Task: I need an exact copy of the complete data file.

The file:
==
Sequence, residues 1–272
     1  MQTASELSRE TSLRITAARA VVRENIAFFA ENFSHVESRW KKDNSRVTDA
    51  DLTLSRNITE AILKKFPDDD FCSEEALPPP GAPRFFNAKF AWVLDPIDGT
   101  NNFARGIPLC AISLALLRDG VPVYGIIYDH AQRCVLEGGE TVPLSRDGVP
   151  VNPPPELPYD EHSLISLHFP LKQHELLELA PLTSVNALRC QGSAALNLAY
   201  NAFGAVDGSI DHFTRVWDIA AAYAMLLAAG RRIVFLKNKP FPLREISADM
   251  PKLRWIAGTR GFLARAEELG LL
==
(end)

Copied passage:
Sequence, residues 1–272
     1  MQTASELSRE TSLRITAARA VVRENIAFFA ENFSHVESRW KKDNSRVTDA
    51  DLTLSRNITE AILKKFPDDD FCSEEALPPP GAPRFFNAKF AWVLDPIDGT
   101  NNFARGIPLC AISLALLRDG VPVYGIIYDH AQRCVLEGGE TVPLSRDGVP
   151  VNPPPELPYD EHSLISLHFP LKQHELLELA PLTSVNALRC QGSAALNLAY
   201  NAFGAVDGSI DHFTRVWDIA AAYAMLLAAG RRIVFLKNKP FPLREISADM
   251  PKLRWIAGTR GFLARAEELG LL